Electricity in the American Economy: Agent of Technological Progress

Electricity in the American Economy: Agent of Technological Progress

Electricity in the American Economy: Agent of Technological Progress

Electricity in the American Economy: Agent of Technological Progress

Synopsis

This book documents and analyzes the existence of a strong, and growing, synergy between technological progress and the use of electrified production techniques in the United States during the twentieth century. The authors use two types of information in their work: case studies of the ways in which technological progress in particular industries and economic sectors has depended upon the adoption of electrified methods of production and aggregative long-term national economic statistics that measure the changing relationship over time between increases in the use of electricity and other factor inputs and the growth in industrial productivity. Eleven of the book's thirteen chapters cover the case studies, while the remaining two chapters and the statistical appendix contain the broad quantitative findings and supporting data.

Excerpt

A strong and persistent rise in the importance of electricity is one of the major long-term trends in the history of energy in the United States during the twentieth century. In a remarkable profusion of applications, electricity has penetrated deeply and brought important changes into virtually every corner of American life, whether in industry, in the home, or in the rapidly growing commercial and service sectors.

This study treats the ever-widening scope of these applications of electricity and their linkages with technological progress in specific industries and in the economy at large. We draw on two categories of data: (1) case studies of the ways in which technological progress in particular industries and economic sectors has been dependent upon the adoption of electrified production methods; and (2) aggregative long-term national economic statistics that enable us to measure the changing relationships over time between increases in the use of electricity and other factor inputs (labor, capital, and nonelectric energy) and the growth in industrial productivity.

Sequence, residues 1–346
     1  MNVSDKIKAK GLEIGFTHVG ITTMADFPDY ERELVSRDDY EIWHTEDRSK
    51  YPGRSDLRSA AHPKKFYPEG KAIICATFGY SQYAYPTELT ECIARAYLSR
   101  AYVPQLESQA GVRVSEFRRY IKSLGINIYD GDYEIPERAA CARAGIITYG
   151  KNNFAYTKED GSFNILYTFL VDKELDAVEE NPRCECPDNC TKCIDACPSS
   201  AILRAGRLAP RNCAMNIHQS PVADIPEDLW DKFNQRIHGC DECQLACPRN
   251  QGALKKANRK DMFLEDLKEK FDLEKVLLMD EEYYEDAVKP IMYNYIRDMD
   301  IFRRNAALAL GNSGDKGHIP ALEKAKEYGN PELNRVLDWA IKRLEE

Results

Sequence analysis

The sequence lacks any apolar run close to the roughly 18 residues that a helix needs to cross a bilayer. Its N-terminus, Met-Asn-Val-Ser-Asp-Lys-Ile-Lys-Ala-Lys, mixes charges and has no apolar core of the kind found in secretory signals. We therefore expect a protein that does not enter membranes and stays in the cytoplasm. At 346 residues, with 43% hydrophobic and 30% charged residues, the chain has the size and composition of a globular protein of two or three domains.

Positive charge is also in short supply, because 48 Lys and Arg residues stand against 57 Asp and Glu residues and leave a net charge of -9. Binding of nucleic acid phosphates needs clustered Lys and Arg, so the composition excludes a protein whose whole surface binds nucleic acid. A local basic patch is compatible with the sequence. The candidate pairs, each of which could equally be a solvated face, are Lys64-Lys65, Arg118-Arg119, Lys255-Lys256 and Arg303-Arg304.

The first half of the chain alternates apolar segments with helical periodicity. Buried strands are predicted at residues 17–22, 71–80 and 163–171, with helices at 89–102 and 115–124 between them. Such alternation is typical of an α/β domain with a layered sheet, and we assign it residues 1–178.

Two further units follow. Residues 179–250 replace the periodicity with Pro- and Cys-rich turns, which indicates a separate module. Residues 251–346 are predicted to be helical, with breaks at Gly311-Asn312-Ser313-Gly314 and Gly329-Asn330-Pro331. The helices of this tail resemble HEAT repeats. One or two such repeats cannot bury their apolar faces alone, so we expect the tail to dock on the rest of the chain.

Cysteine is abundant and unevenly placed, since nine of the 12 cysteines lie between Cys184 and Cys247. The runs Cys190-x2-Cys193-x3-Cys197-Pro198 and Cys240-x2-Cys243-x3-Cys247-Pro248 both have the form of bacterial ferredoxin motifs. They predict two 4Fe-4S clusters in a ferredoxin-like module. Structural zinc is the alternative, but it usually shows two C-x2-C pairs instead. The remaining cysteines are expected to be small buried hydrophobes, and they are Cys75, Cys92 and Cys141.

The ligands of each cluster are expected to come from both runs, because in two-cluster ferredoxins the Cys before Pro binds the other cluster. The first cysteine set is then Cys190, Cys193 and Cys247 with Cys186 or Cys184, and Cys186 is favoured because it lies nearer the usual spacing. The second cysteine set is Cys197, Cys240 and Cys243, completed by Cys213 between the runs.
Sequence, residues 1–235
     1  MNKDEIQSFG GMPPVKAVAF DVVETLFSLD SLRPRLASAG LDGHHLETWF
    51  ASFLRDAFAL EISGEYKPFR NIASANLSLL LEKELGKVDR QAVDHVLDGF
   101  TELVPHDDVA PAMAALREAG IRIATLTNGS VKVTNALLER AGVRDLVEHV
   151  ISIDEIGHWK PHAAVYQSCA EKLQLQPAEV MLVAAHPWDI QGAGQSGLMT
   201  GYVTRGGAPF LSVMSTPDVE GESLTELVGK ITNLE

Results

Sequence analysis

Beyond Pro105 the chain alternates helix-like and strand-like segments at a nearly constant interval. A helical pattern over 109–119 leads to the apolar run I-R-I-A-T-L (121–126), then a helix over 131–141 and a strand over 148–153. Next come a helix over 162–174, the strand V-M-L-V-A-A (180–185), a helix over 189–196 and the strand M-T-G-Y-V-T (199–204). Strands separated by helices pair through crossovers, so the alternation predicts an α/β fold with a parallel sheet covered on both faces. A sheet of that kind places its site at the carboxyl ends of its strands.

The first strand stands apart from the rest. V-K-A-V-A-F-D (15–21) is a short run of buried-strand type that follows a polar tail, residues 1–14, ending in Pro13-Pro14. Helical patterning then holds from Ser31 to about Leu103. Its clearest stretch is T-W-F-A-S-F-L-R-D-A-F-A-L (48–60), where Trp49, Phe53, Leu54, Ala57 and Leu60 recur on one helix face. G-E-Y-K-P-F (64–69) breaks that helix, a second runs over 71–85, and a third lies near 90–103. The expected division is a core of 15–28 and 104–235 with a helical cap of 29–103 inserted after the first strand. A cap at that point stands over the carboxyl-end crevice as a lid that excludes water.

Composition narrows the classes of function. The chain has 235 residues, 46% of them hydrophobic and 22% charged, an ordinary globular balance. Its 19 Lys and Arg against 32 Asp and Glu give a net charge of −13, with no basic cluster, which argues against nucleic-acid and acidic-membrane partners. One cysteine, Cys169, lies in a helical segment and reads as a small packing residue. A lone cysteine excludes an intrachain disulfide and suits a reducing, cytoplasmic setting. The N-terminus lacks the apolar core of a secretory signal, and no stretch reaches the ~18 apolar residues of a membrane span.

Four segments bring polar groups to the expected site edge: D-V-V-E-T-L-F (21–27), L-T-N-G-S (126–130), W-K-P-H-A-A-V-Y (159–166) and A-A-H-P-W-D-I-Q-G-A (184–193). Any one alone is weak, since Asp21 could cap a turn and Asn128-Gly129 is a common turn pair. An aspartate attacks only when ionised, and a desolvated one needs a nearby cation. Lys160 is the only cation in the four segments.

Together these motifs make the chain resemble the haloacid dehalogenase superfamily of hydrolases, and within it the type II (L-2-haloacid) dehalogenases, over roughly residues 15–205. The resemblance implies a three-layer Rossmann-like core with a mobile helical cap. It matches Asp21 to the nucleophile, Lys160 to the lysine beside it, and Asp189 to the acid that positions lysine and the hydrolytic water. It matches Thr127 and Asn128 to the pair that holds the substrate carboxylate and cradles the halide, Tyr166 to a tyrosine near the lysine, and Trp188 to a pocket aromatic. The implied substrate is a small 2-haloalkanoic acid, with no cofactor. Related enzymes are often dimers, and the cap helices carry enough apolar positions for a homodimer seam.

Eleven of the book's thirteen chapters cover the case studies, while the remaining two chapters (and a statistical appendix) contain the broad quantitative findings and supporting data. We use these two levels of analysis ("bottom-up" and "top-down," so to speak) in order to obtain a more reliable and more understandable picture of the underlying trends, and the forces at work in producing them, than either approach could yield by itself.

The book's attention, then, is focused on the proliferating applications of electricity and their interactions with technological progress throughout the economy. The well-documented technological advances that have been achieved within the electric power industry are not covered here. It needs to be understood, though, that long-term improvements in the efficiency of producing electric power have provided the fundamental preconditions for the developments that constitute the subject matter of this study.

One important measure of progress in producing electricity is in the striking improvements that have been achieved in the efficiency of converting fuels into electric power in the course of the twentieth century. Measured by the relationship between the thermal content of the electrical energy produced and that of the fuels consumed in its production, there has been an increase in the average thermal efficiency of converting fuels into electricity from roughly 5 percent early in the century to about . . .

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